BC man injured by drunk driver finds himself the latest victim of no-fault auto insurance. Is this Alberta’s future?

The case of BC’s Scott Shepherd – who was recently injured by a drunk driver while walking along on Vancouver’s north shore – showcases just how unfair no-fault insurance is.

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FAIR Alberta has been raising the alarm about the drawbacks to no-fault auto insurance for some time because it protects bad, negligent or even drunk drivers and punishes innocent victims. The case of BC’s Scott Shepherd – who was recently injured by a drunk driver while walking along on Vancouver’s north shore – showcases just how unfair no-fault insurance is.

Scott Shepherd, days after he was hit by a drunk driver on a Lynn Valley sidewalk.Submitted / Scott Shepherd
Scott Shepherd, days after he was hit by a drunk driver on a Lynn Valley sidewalk.Submitted / Scott Shepherd

As reported by the New Westminster Record, Mr. Shepherd is finding out that no-fault insurance means he will have to pay more our of pocket to support his recovery. Here are some highlights from the story published May 20th:

On top of the trauma of the accident, Shepherd has become an early test case in a new ICBC insurance paradigm that limits access to legal recourse following a collision.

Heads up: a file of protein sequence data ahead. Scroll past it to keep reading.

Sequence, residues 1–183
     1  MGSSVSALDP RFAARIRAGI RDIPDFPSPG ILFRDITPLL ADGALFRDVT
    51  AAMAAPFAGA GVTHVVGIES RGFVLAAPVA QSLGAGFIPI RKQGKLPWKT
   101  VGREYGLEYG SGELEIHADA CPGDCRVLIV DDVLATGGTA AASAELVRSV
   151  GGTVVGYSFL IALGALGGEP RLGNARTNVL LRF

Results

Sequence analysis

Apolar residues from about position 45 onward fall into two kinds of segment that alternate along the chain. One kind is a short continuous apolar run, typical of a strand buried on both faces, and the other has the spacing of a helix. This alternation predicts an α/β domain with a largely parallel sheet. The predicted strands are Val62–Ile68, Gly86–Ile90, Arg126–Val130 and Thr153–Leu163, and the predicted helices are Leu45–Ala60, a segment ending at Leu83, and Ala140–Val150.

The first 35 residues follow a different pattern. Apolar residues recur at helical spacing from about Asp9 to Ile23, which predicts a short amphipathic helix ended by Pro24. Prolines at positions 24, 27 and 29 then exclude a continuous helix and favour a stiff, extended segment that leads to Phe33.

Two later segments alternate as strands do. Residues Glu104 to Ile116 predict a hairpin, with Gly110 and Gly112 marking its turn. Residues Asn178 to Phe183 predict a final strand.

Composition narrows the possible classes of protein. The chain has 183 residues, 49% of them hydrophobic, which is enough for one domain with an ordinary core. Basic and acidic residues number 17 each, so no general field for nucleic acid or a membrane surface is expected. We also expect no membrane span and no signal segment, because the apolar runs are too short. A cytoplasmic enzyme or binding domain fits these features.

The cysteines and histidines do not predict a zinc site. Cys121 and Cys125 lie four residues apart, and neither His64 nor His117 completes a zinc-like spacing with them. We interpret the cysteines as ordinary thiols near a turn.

Branded “enhanced care,” the ICBC “no-fault” insurance model went into effect May 1 as part of a government push to lower insurance premiums and pull itself out of debt.

But as Shepherd slowly recovers from his accident, he said he’s finding situations where those promises aren’t adding up.

From what he understands so far, he said he may be out of pocket for portion of medical costs like that of seeing a concussion specialist.

“I don’t see how I have to be out of pocket when someone jumps the curb and runs me over,” he said. “If there was a cash settlement on the side, out of that I could make up the shortcomings of all these things on the side.”

“I’m not interested in trying to take advantage of the situation but I shouldn’t be out of pocket for things that are deemed necessary,” he said. “This is going to be a fight. I’m the first of many. It’s only a matter of time.”

Readers can find the full New Westminster Record story here.

All Albertans, like BC’s Mr. Shepherd, could soon be at the mercy of insurance companies if the Alberta government moves forward with insurance industry proposals to institute no-fault auto insurance here. By eliminating the ability to sue an at-fault driver’s insurance company, insurers would have no accountability in an Alberta no-fault system, and injury victims here would also be shortchanged.

FAIR believes access to impartial and unbiased courts needs to be preserved in Alberta so that bad, negligent or even drunk drivers aren’t let off the hook like they are in BC.

Video coverage by Global News:

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